HMS Undaunted (1914)

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For other ships with the same name, see HMS Undaunted.
HMS Undaunted aerial view WWI.jpg
Aerial view circa. 1914-1918
History
United Kingdom
Name: HMS Undaunted
Builder: Fairfield Shipbuilding and Engineering Company, Govan
Laid down: 21 December 1912
Launched: 28 April 1914
Commissioned: August 1914
Fate: Sold for scrap, 9 April 1923
General characteristics (as built)
Class and type: Arethusa-class light cruiser
Displacement: 3,512 long tons (3,568 t)
Length:
  • 410 ft (125.0 m) p/p
  • 436 ft (132.9 m) o/a
Beam: 39 ft (11.9 m)
Draught: 15 ft 7 in (4.75 m) (mean, deep load)
Installed power:
Propulsion: 4 × shafts; 4 × steam turbines
Speed: 28.5 kn (52.8 km/h; 32.8 mph)
Range: 3,200 nmi (5,900 km; 3,700 mi) at 16 knots (30 km/h; 18 mph)
Complement: 270
Armament:
Armour:

HMS Undaunted was one of eight Arethusa-class light cruisers built for the Royal Navy in the 1910s.

Design and description[edit]

The Arethusa-class cruisers were intended to lead destroyer flotillas and defend the fleet against attacks by enemy destroyers. The ships were 456 feet 6 inches (139.1 m) long overall, with a beam of 49 feet 10 inches (15.2 m) and a deep draught of 15 feet 3 inches (4.6 m). Displacement was 5,185 long tons (5,268 t) at normal[1] and 5,795 long tons (5,888 t) at full load. Undaunted was powered by four Brown-Curtis steam turbines, each driving one propeller shaft, which produced a total of 40,000 indicated horsepower (30,000 kW). The turbines used steam generated by eight Yarrow boilers which gave her a speed of about 28.5 knots (52.8 km/h; 32.8 mph).[2] She carried 840 long tons (853 t) tons of fuel oil[1] that gave a range of 3,200 nautical miles (5,900 km; 3,700 mi) at 16 knots (30 km/h; 18 mph).[3]

The main armament of the Arethusa-class ships consisted of two BL 6-inch (152 mm) Mk XII guns that were mounted on the centreline fore and aft of the superstructure and six QF 4-inch Mk V guns in waist mountings. They were also fitted with a single QF 3-pounder (47 mm (1.9 in)) anti-aircraft gun and four 21 in (533 mm) torpedo tubes in two twin mounts.[2]

Construction and career[edit]

She was launched on 28 April 1914 at Fairfield Shipbuilding and Engineering Company's shipyard at Govan. Undaunted participated in numerous naval operations during the First World War. On commissioning she was assigned as the leader of the 3rd Destroyer Flotilla of the Harwich Force, guarding the eastern approaches to the English Channel. On 28 August 1914, Undaunted took part in the Battle of Heligoland Bight, and on 17 October 1914 she was involved in an action off the Dutch island of Texel with German torpedo boats. On 25 December 1914 she participated in the Cuxhaven Raid, and on 24 January 1915 she took part in the Battle of Dogger Bank. In April 1915 Undaunted was damaged in collision with the destroyer Landrail, and on 24 March 1916 she was again damaged in a collision, this time with the light cruiser Cleopatra while covering the a raid on a Zeppelin base believed to be at Hoyer in Schleswig-Holstein. In November 1918 was reassigned to the 4th Light Cruiser Squadron of the Grand Fleet. She survived to see the end of the First World War, and was sold for scrap on 9 April 1923 to Cashmore, of Newport.[4]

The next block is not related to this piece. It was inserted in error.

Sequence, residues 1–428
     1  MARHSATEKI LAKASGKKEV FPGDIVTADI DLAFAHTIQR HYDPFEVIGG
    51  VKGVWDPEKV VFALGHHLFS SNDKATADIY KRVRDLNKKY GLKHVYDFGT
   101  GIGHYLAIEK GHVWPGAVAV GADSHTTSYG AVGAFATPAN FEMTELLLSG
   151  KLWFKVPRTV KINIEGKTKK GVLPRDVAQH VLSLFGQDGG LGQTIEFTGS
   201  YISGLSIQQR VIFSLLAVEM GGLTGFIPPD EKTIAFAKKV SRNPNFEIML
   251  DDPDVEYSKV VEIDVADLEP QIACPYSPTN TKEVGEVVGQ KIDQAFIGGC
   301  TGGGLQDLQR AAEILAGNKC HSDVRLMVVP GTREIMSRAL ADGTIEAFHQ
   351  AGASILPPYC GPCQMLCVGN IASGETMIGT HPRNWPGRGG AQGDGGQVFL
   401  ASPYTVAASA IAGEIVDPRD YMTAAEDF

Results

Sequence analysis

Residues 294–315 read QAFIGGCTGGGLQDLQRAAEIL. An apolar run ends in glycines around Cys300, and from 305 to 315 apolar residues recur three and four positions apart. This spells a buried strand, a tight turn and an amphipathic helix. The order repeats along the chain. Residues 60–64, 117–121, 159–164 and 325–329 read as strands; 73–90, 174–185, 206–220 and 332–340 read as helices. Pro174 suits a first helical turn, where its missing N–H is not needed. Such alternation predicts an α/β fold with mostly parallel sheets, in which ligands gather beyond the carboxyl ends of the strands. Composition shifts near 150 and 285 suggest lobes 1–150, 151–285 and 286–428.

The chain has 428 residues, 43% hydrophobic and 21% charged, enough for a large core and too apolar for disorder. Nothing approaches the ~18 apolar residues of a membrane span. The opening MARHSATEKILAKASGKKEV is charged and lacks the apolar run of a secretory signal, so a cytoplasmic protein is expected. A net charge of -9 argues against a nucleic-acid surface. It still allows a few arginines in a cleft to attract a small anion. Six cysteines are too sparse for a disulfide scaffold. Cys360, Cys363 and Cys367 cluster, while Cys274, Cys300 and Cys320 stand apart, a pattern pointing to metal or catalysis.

Notes[edit]

  1. ^ a b Friedman 2010, p. 384
  2. ^ a b Gardiner & Gray, p. 55
  3. ^ Pearsall, Part I, p. 210
  4. ^ Gardiner & Gray, pp. 55–56

Bibliography[edit]

  • Colledge, J. J.; Warlow, Ben (2006) [1969]. Ships of the Royal Navy: The Complete Record of all Fighting Ships of the Royal Navy (Rev. ed.). London: Chatham Publishing. ISBN 978-1-86176-281-8. OCLC 67375475. 
  • Corbett, Julian. Naval Operations to the Battle of the Falklands. History of the Great War: Based on Official Documents. I (2nd, reprint of the 1938 ed.). London and Nashville, Tennessee: Imperial War Museum and Battery Press. ISBN 0-89839-256-X. 
  • Corbett, Julian (1997). Naval Operations. History of the Great War: Based on Official Documents. II (reprint of the 1929 second ed.). London and Nashille, Tennessee: Imperial War Museum in association with the Battery Press. ISBN 1-870423-74-7. 
  • Friedman, Norman (2010). British Cruisers: Two World Wars and After. Barnsley, South Yorkshire, UK: Seaforth. ISBN 978-1-59114-078-8. 
  • Friedman, Norman (2011). Naval Weapons of World War One. Barnsley, South Yorkshire, UK: Seaforth. ISBN 978-1-84832-100-7. 
  • Gardiner, Robert & Gray, Randal, eds. (1984). Conway's All the World's Fighting Ships: 1906–1921. Annapolis, Maryland: Naval Institute Press. ISBN 0-85177-245-5. 
  • Newbolt, Henry (1996). Naval Operations. History of the Great War Based on Official Documents. V (reprint of the 1931 ed.). Nashville, Tennessee: Battery Press. ISBN 0-89839-255-1. 
  • Pearsall, Alan (1984). "Arethusa Class Cruisers, Part I". Warship. London: Conway Maritime Press. VIII: 203–11. ISBN 0-87021-983-9. 
  • Pearsall, Alan (1984). "Arethusa Class Cruisers, Part II". Warship. London: Conway Maritime Press. VIII: 258–65. ISBN 0-87021-983-9. 

External links[edit]